Galvorn is a high-performance, advanced material created using carbon nanotubes (CNTs). It presents a climate-positive opportunity on two fronts: 1) in the production process, carbon is 'locked' into the Galvorn material structure as a form of long-term carbon storage, and 2) Galvorn displaces carbon-intensive materials such as steel, aluminum, and copper. In the near term, feedstocks for creating Galvorn include methane, including renewable natural gas and biogas, as well as other hydrocarbons. This prevents potent GHGs such as methane from entering the atmosphere, and diverts hydrocarbon fuels from combustion, so they don't release carbon into the atmosphere. In the longer term, as carbon dioxide removal (CDR) technologies such as direct air capture (DAC) mature and scale, Galvorn can create a lucrative market for these carbon streams and become even more carbon negative.
"DexMat presents an opportunity to capture methane, an abundant and inexpensive resource, and use it to replace materials such as steel, aluminum, and copper with a more sustainable option. We are excited to be part of DexMat's journey going forward and to realize their ambitions," said Aimee LaFleur, investment principal at Shell.
"The world's net zero future is entirely dependent on electrifying everything and decarbonizing the built environment. Metals like copper and steel sit at the heart of these trillion-dollar markets, and DexMat's technology promises carbon-negative, lighter, and stronger versions of what we currently mine and melt. Companies like this can help cement America's leadership in the most important transition of our lifetimes," said Shomik Dutta, co-founder and managing partner at Overture Ventures.
"If we want to give a 1.5-degree future a real shot, we need revolution, not evolution — but we can't electrify everything without finding a better, less expensive way to produce metal conductors. We chose to back DexMat because we believe their technology is capable of powering the energy transition with conductors made of a material we have in great abundance — carbon," said Nico Johnson, venture partner at Climate Avengers and founder of SunCast Media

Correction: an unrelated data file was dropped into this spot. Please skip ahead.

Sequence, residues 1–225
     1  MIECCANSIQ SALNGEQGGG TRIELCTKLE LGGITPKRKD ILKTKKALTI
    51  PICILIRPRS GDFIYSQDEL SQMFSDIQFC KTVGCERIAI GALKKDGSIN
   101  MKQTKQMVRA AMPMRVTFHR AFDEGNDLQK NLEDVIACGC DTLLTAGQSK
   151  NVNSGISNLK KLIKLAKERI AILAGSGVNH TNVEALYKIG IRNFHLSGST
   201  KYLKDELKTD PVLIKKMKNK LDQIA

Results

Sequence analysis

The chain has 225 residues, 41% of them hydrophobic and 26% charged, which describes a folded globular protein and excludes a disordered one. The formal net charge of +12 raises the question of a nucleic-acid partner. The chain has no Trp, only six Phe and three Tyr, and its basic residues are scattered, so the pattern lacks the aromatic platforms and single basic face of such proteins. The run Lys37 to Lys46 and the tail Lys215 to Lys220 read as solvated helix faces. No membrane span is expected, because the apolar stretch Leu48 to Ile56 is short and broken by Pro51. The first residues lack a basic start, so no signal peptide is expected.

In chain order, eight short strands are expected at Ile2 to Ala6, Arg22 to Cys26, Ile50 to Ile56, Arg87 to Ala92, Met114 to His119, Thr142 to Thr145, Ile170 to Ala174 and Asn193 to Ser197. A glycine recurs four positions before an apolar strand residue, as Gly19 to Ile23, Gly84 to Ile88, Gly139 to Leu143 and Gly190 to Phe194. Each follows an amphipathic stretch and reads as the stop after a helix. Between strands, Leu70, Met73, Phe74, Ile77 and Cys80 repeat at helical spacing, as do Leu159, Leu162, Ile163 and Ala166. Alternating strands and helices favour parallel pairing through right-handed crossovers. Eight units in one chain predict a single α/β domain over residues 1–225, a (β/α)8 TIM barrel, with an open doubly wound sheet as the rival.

"I have backed DexMat because I am impressed with a team poised to bring its vision of a new low-carbon steel alternative to reality. Galvorn itself is an exponential technology in terms of its potential applications. DexMat's success will prove that we can decarbonize our economy while delivering on an equitable prosperity," said Azeem Azhar, founder of Exponential View.
DexMat was founded to commercialize breakthroughs in the manufacturing of advanced carbon nanomaterials, based on technology originally developed in the Rice University laboratory of co-founder Professor Matteo Pasquali. The company was built on more than $20 million in non-dilutive funding, with Rice University included in the list of original investors. Grants from the Air Force Research Laboratory, Air Force Office of Scientific Research, U.S. Department of Energy, NASA, Advanced Functional Fabrics of America (AFFOA), and the National Science Foundation (NSF) funded early research and development for high-performance applications in aerospace and wearables. ARPA-E is funding research on process intensification and cost reduction. DexMat is the exclusive licensee of multiple Rice university patents, including from the original collaboration between Prof. Pasquali and the late Nobel laureate Rick Smalley.